On Jan. 8, 2012, in a television series seemingly about corporate greed and rampant sexuality -- Showtime's new series House of Lies, starring Don Cheadle -- a very unconventional child character made his debut on American television: Marty Kaan, the main character in House of Lies, stalwartly goes to bat for his gender-nonconforming, 12-year-old son Roscoe. Roscoe wears skirts and drapes himself in shimmery scarves. He has a major goal: to get picked for the part of Sandy in his school's production of Grease. And he gets the part, until a mother complains -- it's a girl's part, after all. Marty is befuddled by his son's gender transgressions, but Marty's own wise father, a retired mental health professional, offers his son sound counsel: just let Roscoe be who he is.
Marty and Roscoe are only fictional characters. But they mirror the challenges that are facing real families and real classrooms all around the country and beyond. As author of Gender Born, Gender Made: Raising Healthy Gender-Nonconforming Children, and as a psychologist who spends much of my time working with children who just don't fit inside neat, binary gender boxes, I applaud Showtime and the writers of House of Lies for bringing a new perspective on children's gender in a compelling and sympathetic way, and one that hopefully opens up the question: who should get to be Sandra Dee?
Who is Roscoe? Ken Tucker, critiquing the show, thinks Roscoe is conflicted about his pubescent sexuality. Jesse Carp, another critic, is quite sure Roscoe is a flamboyantly homosexual son. Wrong, or at least we don't know yet. Lesson number one: children who mix up gender in their dress, in their play, and in their self-declaration as "boy," "girl," or "other" are telling us information about their gender, not their sexuality. All we know about Roscoe is that he is challenging our gender prescriptions and proscriptions of what boys or girls can or cannot do. Yes, maybe someday he might go on to be gay, exploring the margins of gender on the way to understanding who he likes -- boys, girls, both, or other. But I cannot stress enough that sexual identity and gender identity are not the same; they are two separate tracks. If it helps, jumping ahead to adulthood, gender is who we go to bed as, whereas sexuality is who we go to bed with. It is so important that we start getting that straight (no pun intended). If we don't, we'll miss seeing our children for who they are and hearing what they're trying to tell us.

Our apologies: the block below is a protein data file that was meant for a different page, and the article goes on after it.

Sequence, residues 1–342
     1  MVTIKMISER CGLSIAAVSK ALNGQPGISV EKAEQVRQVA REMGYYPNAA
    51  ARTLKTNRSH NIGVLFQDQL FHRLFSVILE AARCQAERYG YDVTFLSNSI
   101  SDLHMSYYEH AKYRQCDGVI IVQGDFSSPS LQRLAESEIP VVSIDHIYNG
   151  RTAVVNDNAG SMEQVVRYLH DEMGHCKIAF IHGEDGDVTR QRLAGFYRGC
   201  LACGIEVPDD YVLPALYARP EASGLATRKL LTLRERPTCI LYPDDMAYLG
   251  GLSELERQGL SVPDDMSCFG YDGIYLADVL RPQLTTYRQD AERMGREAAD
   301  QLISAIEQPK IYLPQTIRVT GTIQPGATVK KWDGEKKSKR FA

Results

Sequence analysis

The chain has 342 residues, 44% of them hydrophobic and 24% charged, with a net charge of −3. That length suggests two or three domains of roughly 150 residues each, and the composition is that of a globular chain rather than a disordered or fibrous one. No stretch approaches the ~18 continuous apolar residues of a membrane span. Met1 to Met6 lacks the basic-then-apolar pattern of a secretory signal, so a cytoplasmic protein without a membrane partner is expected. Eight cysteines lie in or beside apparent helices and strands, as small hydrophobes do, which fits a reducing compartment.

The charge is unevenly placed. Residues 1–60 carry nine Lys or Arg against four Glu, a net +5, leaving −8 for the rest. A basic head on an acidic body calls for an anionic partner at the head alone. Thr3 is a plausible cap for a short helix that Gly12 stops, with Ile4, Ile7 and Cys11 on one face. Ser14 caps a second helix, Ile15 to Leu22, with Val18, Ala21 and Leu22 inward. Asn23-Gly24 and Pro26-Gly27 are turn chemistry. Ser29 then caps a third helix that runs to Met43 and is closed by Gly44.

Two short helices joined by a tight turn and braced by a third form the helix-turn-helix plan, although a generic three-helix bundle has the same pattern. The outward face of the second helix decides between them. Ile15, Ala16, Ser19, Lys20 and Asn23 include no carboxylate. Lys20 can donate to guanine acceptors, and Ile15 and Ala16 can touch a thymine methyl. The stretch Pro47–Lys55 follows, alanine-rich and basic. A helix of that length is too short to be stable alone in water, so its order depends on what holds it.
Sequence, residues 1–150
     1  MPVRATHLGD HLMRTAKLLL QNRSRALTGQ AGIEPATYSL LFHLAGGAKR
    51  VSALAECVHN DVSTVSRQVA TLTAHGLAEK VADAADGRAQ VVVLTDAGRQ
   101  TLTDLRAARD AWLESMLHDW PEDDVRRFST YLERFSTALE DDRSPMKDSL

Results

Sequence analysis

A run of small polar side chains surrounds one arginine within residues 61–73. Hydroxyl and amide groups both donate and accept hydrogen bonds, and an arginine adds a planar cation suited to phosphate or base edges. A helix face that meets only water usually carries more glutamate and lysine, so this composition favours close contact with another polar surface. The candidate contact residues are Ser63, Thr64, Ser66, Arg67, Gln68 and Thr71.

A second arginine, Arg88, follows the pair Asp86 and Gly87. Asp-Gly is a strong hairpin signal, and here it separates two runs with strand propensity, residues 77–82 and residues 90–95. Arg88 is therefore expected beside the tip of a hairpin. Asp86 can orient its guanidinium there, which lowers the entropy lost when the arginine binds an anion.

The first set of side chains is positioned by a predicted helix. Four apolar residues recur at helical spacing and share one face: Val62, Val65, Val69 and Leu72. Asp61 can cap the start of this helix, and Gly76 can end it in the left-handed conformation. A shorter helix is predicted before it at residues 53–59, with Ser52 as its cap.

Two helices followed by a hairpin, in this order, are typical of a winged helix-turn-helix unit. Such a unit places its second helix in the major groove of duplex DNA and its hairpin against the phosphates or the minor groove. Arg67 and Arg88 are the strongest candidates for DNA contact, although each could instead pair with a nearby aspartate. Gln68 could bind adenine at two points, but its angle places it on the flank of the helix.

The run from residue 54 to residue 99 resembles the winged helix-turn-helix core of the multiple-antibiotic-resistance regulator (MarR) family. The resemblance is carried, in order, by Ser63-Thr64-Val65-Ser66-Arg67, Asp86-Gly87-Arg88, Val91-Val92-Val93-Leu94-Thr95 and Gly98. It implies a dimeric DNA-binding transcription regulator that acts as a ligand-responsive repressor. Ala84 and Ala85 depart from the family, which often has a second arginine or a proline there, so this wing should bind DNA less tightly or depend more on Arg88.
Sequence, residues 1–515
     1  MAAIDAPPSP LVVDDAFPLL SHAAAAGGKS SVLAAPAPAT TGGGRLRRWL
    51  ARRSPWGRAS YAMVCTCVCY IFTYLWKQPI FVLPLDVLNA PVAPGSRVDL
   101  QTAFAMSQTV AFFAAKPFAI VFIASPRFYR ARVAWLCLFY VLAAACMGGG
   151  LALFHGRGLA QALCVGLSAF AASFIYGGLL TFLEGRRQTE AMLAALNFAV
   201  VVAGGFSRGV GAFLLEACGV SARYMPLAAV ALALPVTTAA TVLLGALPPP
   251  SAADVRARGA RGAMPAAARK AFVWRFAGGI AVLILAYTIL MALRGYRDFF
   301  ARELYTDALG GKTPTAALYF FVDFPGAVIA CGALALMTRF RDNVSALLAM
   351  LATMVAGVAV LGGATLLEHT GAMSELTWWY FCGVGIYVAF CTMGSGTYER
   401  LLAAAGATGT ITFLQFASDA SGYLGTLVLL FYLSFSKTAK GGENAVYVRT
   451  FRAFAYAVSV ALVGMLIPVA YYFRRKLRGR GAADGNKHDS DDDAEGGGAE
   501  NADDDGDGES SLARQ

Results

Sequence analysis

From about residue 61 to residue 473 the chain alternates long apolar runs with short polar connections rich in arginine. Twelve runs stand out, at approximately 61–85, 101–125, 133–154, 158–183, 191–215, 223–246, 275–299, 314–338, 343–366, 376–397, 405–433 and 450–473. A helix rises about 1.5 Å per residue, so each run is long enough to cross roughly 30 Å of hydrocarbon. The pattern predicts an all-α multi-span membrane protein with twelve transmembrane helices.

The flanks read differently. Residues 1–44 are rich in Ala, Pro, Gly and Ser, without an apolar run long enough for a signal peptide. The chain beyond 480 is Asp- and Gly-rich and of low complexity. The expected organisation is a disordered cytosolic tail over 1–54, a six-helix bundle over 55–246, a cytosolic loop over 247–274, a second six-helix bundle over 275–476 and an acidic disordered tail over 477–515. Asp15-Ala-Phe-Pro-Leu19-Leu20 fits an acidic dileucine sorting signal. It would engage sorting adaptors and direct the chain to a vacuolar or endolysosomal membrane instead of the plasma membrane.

What does Roscoe do when he's told that the well-earned part of Sandy is pulled from him by the principal? He's furious, as well he should be. Lesson number two: it is not for us to tell children what their gender is; that's up to the children to say. As Marty says, backing Roscoe in a heated argument with the school principal, "Sandy is not a girl's part, it's a Sandy part." And if we stretch that exclamation further, our children should have the right to decide how they want to express gender, not limited by our gender policing but by the children's own gender creativity -- how they weave together all the meanings of gender and beyond to come to a gender that is their true authentic one, which may be male, female, gender-blended, or something of their own invention.
Don Cheadle, who plays the part of Marty, wonders whether the character of Roscoe is questioning his gender. Maybe. But maybe not. He may just be exploring it, or playing with it, or just being creative about it. So just who is questioning? Lesson number three: typically, with gender-nonconforming kids, the questioning is more ours than theirs. It can make us anxious when we can't pinpoint a child's gender. It can make parents especially anxious; they're the ones who get fingers pointed at them, with people asking, "Why do you let your kid do that? That's' sick." To escape the anxiety that a gender-bending kid like Roscoe can generate in all of us, we may be tempted to jump to, "Oh, it's just a phase. He'll outgrow it." Any time you have a phase to outgrow, it equates with something we all hope will disappear. Children's gender expressions may indeed evolve over time, but gender is never a phase. It may be a cross-section in time, it may be a forever thing, but it is always a deep and real thing about a child at that particular time and place. The best thing we can do about our own questioning is to use it to relearn gender and come to know that parents have very little control over their children's gender identity but tremendous influence over their children's gender health.
If House of Lies can bring into all our living rooms a new consciousness that the Roscoes of the world need loving parents and supportive communities who will follow Roscoe's grandfather's advice and open up the space for all the children to discover their true gender selves, then we will make the world a better place for the children of all genders. So thank you, House of Lies, for bringing us closer to the truth.